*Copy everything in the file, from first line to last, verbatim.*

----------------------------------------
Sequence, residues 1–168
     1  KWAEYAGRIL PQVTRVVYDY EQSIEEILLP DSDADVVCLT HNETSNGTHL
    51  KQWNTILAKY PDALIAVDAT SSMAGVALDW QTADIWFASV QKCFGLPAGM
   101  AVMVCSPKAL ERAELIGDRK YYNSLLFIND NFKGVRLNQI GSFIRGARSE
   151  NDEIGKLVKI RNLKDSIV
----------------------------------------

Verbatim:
Sequence, residues 1–168
     1  KWAEYAGRIL PQVTRVVYDY EQSIEEILLP DSDADVVCLT HNETSNGTHL
    51  KQWNTILAKY PDALIAVDAT SSMAGVALDW QTADIWFASV QKCFGLPAGM
   101  AVMVCSPKAL ERAELIGDRK YYNSLLFIND NFKGVRLNQI GSFIRGARSE
   151  NDEIGKLVKI RNLKDSIV